Bishop and Altschuler 'Whittling Down' Challenged Votes

Both sides will meet tomorrow, working toward adjudication process on Wednesday.

Representatives of U.S. Rep. Tim Bishop, D-Southampton, and Republican opponent Randy Altschuler will meet on Tuesday to continue to hash out the votes they have each challenged in the First Congressional District race.

Both sides will meet Tuesday morning at Board of Elections headquarters in Yaphank to try and cut down the number of challenged votes between both sides. In addition, 71 military votes will be counted. From there, a judge will determine on Wednesday what to do with the remaining ballots.

"We can start dismissing some of these challenged votes and call it a day," said Bishop spokesman Jon Schneider. "Or we have to get ready for a lengthy process. At some point, reason has to win out, because in order for these challenges to be successful, you have to prove that fraud was committed."

Indeed, an investigation by the Fox News Voter Fraud Unit, posted on Monday, claimed that 48 absentee ballots, out of 438 reviewed, held 'active' voting status at two mailing addresses. The majority of Altschuler's challenges were based on residency, worrying that many second homeowners were illegally voting in the First Congressional District race. Holding active voting status in more than one jurisdiction is illegal.

Each individual ballot will not be adjudicated, Schneider said, but rather many will be grouped into bunches, such as 31 Stony Brook University student votes Altschuler challenged. Likewise, Altschuler's spokesman, Rob Ryan, said last week that Bishop's representatives challenged Board of Election workers, which could potentially be grouped together as well.

Tuesday's step comes after both sides met on Monday and cut out approximately 250 challenges on both sides, said Schneider. According to Schneider, after absentee and affidavit counting ended last week, Altschuler had challenged 1,261 votes, and Bishop 790. He said that Bishop currently holds a 235-vote lead.

Ryan could not confirm that the challenged ballots had been 'un-challenged,' saying he had not spoken to Altschuler's lawyer since early Monday afternoon. But "that sounds about right," he said.

"Whittling down" the number of challenges, as Schneider called it, is the most recent step of a process that started four weeks ago which will ultimately determine the winner of the nation's last contested Congressional race.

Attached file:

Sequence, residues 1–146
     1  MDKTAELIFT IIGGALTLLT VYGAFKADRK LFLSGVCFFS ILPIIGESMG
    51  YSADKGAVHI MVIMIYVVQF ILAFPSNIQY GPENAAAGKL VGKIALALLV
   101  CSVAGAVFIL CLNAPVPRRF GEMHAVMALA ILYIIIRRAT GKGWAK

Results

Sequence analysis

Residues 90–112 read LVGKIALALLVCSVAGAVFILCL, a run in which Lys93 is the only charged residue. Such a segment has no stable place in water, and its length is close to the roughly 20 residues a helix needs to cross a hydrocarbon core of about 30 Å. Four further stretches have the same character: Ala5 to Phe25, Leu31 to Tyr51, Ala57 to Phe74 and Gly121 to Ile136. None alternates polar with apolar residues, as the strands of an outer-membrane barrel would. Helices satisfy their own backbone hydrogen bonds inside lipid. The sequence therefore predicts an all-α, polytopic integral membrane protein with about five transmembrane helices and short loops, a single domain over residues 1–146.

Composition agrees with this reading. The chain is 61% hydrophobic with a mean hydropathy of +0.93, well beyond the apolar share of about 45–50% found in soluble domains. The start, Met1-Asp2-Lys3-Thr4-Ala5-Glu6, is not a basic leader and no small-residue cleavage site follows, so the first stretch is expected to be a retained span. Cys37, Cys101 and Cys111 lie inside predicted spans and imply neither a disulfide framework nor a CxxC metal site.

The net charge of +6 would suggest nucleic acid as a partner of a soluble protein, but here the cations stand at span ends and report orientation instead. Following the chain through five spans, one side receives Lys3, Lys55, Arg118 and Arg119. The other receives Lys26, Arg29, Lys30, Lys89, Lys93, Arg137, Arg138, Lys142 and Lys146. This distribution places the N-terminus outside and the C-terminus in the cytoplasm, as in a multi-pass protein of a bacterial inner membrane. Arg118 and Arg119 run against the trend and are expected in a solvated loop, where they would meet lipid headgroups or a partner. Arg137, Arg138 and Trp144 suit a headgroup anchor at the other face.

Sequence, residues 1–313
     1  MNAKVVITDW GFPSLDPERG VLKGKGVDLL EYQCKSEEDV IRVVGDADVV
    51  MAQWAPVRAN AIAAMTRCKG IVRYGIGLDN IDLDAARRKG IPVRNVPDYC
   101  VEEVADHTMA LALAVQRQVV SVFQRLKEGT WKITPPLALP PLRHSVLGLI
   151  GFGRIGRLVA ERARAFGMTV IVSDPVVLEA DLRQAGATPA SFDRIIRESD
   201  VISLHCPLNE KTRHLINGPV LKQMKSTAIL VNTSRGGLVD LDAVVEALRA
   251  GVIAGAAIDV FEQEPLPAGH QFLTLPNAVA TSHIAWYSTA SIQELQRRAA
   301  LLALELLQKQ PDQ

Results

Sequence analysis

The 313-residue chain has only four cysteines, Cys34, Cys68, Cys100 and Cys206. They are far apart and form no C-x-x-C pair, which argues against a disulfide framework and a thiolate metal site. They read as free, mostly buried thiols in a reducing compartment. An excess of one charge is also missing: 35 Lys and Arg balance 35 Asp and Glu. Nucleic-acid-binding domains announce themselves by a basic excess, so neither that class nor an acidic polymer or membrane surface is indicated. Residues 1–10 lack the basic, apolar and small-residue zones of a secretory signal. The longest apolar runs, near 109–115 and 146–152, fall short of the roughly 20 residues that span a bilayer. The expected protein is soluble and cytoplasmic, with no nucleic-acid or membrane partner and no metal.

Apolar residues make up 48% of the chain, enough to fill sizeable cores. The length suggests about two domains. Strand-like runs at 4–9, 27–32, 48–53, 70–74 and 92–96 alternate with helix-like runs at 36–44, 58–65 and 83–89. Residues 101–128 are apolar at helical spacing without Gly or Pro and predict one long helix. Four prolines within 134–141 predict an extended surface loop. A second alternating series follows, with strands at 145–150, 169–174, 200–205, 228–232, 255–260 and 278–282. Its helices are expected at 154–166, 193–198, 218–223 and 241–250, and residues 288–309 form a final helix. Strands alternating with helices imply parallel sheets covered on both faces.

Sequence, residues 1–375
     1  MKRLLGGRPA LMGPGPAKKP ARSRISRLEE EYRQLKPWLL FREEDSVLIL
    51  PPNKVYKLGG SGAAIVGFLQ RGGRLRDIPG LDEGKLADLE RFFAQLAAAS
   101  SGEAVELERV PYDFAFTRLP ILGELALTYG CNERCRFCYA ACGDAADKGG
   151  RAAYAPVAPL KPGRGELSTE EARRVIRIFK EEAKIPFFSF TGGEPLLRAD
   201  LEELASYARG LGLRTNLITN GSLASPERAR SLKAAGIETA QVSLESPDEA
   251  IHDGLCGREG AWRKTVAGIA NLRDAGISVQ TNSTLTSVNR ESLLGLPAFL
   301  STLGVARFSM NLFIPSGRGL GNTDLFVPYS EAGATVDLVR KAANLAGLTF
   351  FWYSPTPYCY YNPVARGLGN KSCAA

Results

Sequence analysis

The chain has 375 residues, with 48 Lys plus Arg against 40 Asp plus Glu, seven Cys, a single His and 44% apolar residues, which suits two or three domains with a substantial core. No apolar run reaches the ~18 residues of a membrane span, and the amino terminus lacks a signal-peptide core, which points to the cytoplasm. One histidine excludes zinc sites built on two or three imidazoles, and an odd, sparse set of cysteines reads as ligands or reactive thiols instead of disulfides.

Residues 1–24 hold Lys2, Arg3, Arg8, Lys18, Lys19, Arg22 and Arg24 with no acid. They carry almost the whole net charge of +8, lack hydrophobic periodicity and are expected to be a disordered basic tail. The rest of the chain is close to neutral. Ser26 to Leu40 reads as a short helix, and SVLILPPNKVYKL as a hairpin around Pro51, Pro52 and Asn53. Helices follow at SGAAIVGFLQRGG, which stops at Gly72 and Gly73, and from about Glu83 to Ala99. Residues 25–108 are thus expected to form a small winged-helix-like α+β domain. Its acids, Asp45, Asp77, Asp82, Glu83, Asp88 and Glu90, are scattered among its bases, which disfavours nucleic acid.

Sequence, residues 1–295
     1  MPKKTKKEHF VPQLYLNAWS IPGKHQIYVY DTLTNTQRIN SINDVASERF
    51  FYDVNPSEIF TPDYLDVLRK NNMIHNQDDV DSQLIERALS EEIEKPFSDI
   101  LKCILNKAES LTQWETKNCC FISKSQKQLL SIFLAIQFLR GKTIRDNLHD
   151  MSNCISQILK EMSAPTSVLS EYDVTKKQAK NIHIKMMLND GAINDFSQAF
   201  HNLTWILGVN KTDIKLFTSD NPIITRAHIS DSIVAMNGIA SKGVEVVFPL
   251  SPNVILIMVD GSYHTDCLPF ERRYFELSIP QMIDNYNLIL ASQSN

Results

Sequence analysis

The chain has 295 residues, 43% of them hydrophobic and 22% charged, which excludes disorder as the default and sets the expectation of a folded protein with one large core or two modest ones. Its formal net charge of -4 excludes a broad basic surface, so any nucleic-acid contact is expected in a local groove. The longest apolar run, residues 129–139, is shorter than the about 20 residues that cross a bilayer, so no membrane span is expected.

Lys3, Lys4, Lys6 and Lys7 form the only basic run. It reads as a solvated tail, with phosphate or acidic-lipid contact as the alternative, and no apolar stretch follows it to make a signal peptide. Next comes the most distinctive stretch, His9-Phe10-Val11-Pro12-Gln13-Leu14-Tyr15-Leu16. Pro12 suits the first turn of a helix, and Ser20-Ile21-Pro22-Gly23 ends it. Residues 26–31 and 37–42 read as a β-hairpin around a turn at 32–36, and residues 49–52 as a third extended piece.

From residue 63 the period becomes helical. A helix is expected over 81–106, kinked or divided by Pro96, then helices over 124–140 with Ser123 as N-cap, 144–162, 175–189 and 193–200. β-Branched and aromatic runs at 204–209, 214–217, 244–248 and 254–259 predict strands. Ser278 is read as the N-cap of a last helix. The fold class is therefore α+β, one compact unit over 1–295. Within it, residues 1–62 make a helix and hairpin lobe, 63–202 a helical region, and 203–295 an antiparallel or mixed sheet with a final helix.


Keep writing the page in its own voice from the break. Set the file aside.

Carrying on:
After election night on Nov. 2, Bishop unofficially held a lead of 3,461 votes. A recanvass of electronic voting machines evaporated Bishop's lead into a 383-vote deficit, as close to 40 percent of election districts reported errors in transferring numbers on election night. After absentee ballot counting began, Bishop gained votes every day.

"We're at the two- or three-yard line," said Bishop last week, following the completion of absentee and affidavit ballots. "We're not 100 percent done. But we're very close."

Dottie Benedict December 01, 2010 at 07:49 PM
It would not surprise me to find out that people have TWO residencies especially in the Hamptons where Bishop is from. Fox finds out things the democrates have been hiding for years that why they dont like them. I hope no one gets paid off in this election
Andrew December 01, 2010 at 11:32 PM
Republicans own the election machines for christ's sake. The democrats should use every possible method to make it a fair fight.
Erica Wells December 02, 2010 at 12:20 AM
Andrew, I completely agree with you. I was going to say it but I didn't want to stir the pot. Democrats have been hiding things? What about the two elections that were rigged and stolen by Bush allowing him to start a huge war in the Middle East that has plunged our society into poverty and destitution?
Erica Wells December 02, 2010 at 12:22 AM
Excuse me, two pre-emptive, unjustified wars.


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